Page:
Bitter harvest

By

ON Nov. 3, 1983, a large majority of the 5 million whites of South Africa voted for a new Constitution which provided for limited political representation in Parliament for Indians and ``mixed'' races, but nothing for the 23 million blacks. President P. W. Botha called the results ``a vote for evolutionary reform.'' He said the new Constitution would be an ``attempt to secure security, stability, and prosperity for South Africa.''

The high hopes for the new Constitution are buried today under a rising tide of violence and resistance. It culminated last Saturday in an emergency decree allowing police to seize and detain anyone for 14 days without trial. It imposed censorship on the press.

The record shows that racial unrest often leading to rioting, bloodshed, and repression began building up in September 1983, in advance of the November election. There are no fully authentic records on fatalities, but in round figures it is estimated that 500 people, mostly blacks, have been killed in troubles that began not quite two years ago.

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The leader of the political opposition in Parliament, Dr. Frederik van Zyl Slabbert, commented that ``what was supposed to be an era of negotiation and consensus has seen us drift steady into the present state of emergency.''

The record is unclear on whether President Botha intended the grant of political representation to the Indians and ``mixed'' people of South Africa as a first step on a long road to admitting blacks to citizenship and parliamentary representation. Some viewed it rather as an effort to recruit the Indians and ``mixed'' peoples to the white strength.

Whatever the motive, the huge black majority has seemed to feel that the time has come for them to stage a major campaign to break through the crust of white power that has dominated South Africa since a band of Dutch traders landed at Cape Town about the same time that English traders were landing on the shores of North America.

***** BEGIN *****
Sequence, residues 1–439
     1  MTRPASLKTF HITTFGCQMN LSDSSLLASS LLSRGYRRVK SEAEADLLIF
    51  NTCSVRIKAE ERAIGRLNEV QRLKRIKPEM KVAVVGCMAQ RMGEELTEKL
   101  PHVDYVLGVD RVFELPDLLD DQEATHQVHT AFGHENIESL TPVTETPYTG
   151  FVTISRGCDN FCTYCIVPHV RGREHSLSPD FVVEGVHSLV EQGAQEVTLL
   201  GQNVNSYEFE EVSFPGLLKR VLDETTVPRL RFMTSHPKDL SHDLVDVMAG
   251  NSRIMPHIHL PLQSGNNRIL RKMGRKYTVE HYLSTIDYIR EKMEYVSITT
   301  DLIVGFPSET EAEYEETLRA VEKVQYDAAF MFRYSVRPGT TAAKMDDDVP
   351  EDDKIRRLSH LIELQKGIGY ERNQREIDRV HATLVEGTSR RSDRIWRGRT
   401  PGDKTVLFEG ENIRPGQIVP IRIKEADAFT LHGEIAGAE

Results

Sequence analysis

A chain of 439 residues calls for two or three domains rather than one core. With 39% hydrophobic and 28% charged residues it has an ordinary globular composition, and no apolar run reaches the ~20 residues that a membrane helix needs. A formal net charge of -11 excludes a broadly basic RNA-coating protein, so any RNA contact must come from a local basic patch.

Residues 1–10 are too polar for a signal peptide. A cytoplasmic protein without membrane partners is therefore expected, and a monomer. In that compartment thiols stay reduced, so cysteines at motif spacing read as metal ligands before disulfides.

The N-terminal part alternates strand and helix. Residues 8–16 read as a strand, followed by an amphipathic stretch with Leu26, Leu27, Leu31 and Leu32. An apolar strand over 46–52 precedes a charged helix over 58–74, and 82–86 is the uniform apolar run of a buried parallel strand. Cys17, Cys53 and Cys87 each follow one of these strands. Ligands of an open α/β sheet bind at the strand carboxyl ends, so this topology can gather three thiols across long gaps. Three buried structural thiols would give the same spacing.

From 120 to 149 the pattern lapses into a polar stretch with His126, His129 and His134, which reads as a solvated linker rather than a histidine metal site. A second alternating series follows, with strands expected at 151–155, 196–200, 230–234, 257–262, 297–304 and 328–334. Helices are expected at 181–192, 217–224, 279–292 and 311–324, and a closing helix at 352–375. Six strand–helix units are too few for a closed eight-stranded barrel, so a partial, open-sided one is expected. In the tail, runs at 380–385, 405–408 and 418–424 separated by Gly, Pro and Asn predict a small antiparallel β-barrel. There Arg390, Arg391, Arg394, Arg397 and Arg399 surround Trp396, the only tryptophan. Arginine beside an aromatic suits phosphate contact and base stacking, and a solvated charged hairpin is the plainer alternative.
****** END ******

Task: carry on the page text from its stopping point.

The important first point for outsiders to understand about this situation in South Africa is that the whites of South Africa do not see themselves as a minority in the same community with the black majority. To the whites, South Africa is a white country owned and run by whites. To them, the blacks are outsiders, who are permitted to come inside and provide cheap labor -- and then are expected to go away. They are not citizens. They are just labor.

The dilemma for South Africa's white leadership arises from two facts. The first is that there are many more blacks living in the area than whites -- 23 million against only 5 million. The second is that the 5 million whites have allowed themselves to become dependent on the black labor.

If the whites had set up an all-white community and provided all their labor from among their own ranks, today's condition would not exist. The blacks could have been kept out of the white territory and allowed to work out their own salvation as best they could. Although allowing themselves to become dependent upon black labor, the whites talked about a policy of apartheid, but they could never set themselves apart from the black community. They have themselves continued to employ the blacks, on a st eadily rising level of numbers and in importance of positions held. The process of assimilation has reached the point where there are even cases of black foremen giving orders to white workers.

It is not written in the history books that men have often voluntarily given up a higher standard of living for the sake of a moral principle. The white community in South Africa has not reached the point of being willing to demote itself to political and economic equality with the black community.

The blacks are probably correct that they will not in the foreseeable future be able to break the old system in South Africa by peaceful means. They are increasingly turning to violence to change the system. The emergency decree of last weekend in South Africa is a milestone along the road of a struggle that will go on for a long time.

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